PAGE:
HRW – Iranian authorities have increased targeting of teachers and labor activists in recent weeks for organizing and conducting peaceful protests, Human Rights Watch said today.
On November 13, 2018, the Council for Coordination among Teachers Unions organized a walkout involving dozens of teachers across Iran to protest their insufficient salaries due to high inflation and poor living conditions. It was the second teacher-organized walkout since September 21, when Iran’s public school year began.
“Iranian authorities are punishing teachers and labor activists for exercising their collective bargaining rights and conducting peaceful protests that are essential freedoms for all workers,” said Michael Page, deputy Middle East and North Africa director at Human Rights Watch. “Authorities’ recent talk of ‘national unity and resistance against foreign pressure’ are empty words when they throw educators and labor activists in jail for demanding a fair wage.”
The Telegram channel of the Council for Coordination among Teachers Unions reported that the authorities have arrested at least 12 teachers since November 11 and reportedly summoned and interrogated 30 more. The authorities arrested Hashem Khastar, a prominent Teachers Union member in Mashhad, on November 1, after the first walkout, and held him in a psychiatric hospital until November 19, then released him. Three other prominent members of the teacher’s union are also currently behind bars in Iran.
Iran’s recent crackdown on labor activists has extended to the private sector. On November 18, the Telegram channel of the Haft Tappeh Sugar Cane Workers’ Syndicate reported that authorities arrested all members of the association of labor representatives for the Haft Tappeh Sugar Cane company, including two of the group’s prominent leaders, Esmael Bakhshi and Mohsen Armand. On November 20, Mosfata Nazari, the prosecutor of Shoosh County, told reporters that authorities have released 15 labor activists who were arrested during the protests.
Rasoul Bodaghi, a Teachers Union member who spent seven years in prison from 2009 to 2016 for his peaceful activism, told Human Rights Watch that authorities detained Khastar in the hospital without bringing charges. Sadighe Maleki, Khastar’s wife, told the Center for Human Rights in Iran on October 25 that authorities at the hospital requested permission from the Mashhad’s prosecutor’s office before allowing her to visit.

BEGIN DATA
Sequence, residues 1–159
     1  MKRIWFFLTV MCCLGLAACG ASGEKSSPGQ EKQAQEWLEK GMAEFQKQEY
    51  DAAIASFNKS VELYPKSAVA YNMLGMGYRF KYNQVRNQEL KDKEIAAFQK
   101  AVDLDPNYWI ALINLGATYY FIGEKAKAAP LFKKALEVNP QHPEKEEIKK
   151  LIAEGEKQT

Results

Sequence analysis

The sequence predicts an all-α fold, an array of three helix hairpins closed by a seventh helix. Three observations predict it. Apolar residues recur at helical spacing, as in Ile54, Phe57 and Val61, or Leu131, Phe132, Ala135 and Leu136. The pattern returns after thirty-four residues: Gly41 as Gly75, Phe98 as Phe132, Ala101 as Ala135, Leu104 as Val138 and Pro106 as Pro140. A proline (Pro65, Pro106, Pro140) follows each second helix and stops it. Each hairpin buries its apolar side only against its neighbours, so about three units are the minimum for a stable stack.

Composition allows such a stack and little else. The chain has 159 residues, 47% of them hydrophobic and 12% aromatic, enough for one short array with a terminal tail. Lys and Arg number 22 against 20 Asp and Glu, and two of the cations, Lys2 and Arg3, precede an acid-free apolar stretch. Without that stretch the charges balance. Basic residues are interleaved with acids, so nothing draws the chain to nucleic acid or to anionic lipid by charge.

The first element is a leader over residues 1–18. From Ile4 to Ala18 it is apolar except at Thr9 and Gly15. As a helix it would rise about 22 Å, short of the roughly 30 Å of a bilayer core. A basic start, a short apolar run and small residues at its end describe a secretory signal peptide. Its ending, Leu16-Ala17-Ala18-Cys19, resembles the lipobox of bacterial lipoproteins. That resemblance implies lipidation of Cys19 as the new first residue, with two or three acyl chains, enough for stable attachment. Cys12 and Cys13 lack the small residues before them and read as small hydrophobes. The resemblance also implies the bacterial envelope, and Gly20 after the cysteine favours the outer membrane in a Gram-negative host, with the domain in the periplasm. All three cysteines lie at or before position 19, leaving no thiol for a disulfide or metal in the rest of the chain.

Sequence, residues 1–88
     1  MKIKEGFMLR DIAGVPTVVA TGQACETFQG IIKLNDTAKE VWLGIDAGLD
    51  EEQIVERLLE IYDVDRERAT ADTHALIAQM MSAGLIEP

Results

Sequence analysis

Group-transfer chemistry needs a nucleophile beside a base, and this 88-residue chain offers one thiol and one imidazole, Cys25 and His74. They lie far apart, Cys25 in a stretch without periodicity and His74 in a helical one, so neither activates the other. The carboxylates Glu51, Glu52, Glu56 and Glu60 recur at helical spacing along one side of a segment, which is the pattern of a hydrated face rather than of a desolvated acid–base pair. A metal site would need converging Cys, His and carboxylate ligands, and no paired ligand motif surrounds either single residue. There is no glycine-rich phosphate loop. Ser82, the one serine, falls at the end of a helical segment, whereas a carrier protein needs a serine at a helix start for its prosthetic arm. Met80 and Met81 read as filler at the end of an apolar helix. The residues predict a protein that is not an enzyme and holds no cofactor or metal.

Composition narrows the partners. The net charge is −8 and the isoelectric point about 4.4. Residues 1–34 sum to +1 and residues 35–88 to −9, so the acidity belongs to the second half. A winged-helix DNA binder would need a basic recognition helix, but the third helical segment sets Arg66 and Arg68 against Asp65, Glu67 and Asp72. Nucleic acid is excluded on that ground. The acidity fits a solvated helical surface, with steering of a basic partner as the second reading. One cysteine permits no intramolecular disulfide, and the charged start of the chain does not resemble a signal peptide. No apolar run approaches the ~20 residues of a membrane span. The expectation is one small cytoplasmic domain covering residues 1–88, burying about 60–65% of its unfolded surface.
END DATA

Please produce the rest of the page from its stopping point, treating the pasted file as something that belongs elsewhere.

The government has arrested other teachers in similar circumstances over the years. On April 21, during teacher week in Iran, authorities arrested Mohammad Habibi, a Teachers’ Union member, during a peaceful demonstration. Authorities had initially arrested Habibi on March 3 but had released him on bail a few days later. On August 4, Amir Raeesian, Habibi’s lawyer, told ISNA news agency, that branch 26 of Tehran’s revolutionary court, had sentenced Habibi to seven and a half years in prison for “assembly and collusion to act against national security,” to 18 months in prison for “propaganda against the state,” to 18 months in prison and 74 lashes for “disrupting public order,” and to a 2-year ban from membership in political parties and traveling outside the country.
If the court of appeal upholds the sentence, under article 134 of Iran’s penal code, Habibi will serve seven and a half years.
After a peaceful protest in front of Iran’s parliament in May 2015, authorities arrested and prosecuted two prominent members of the Teachers Union. In 2017, authorities arrested Ismael Abdi, the Teachers Union secretary-general, and Mahmoud Beheshti Langeroudi, the union spokesman, who had both been previously released on bail, to serve their sentences.
Abdi had been sentenced to six years in February 2016, on charges of “propaganda against the state” and “assembly and collusion against national security,” partly for a teachers’ demonstration in front of the Parliament. On April 9, 2018, Langroudi’s family told ILNA news agency that a court of appeal had reduced his sentence from 14 years to 5 years. Bodaghi said that Beheshi’s charge also stemmed from planning for the demonstration in front of the parliament.
Bodaghi said that after his conviction, the Education Ministry expelled him from his teaching job. He filed an appeal after he served his sentence, and on May 30, 2018, he was told that he could only receive financial compensation for his tenure.
On November 18, Gholamreza Shariati, the governor of Khuzistan, told IRNA news agency that four people had been arrested during the Haft Tappeh protests. Labor protesters say that conditions at the 50-year old Haft Tappeh Sugar Cane Company have deteriorated since its privatization in 2015. In a video a journalist, Mohmmad Mosaed, published on Twitter on September 1, dozen workers say that they have not been paid for several months.
Iran’s labor law does not recognize the right to create labor unions independent of government-sanctioned groups such as the Islamic Labor Council. Since 2005, authorities have repeatedly harassed, summoned, arrested, convicted, and sentenced workers affiliated with independent trade unions.
Article 22 of the International Covenant on Civil and Political Rights (ICCPR) and article 8 of the International Covenant on Economic, Social, and Cultural Rights (ICESCR) protect the right to form and join labor unions. Iran is a party to both of these treaties. Iran is a member of the International Labour Organization (ILO), but has refused to sign the treaty’s convention 87 on Freedom of Association and the Protection of the Right to Organize and 98 on the Right to Organize and Collective Bargaining.
“The escalating crackdown against teachers and labor activists follows the same old recipe that authorities have pursued for decades,” Page said. “Rather than empowering unions to act as a bridge between authorities and its members, Iranian authorities suppress any effort at peaceful mobilization.”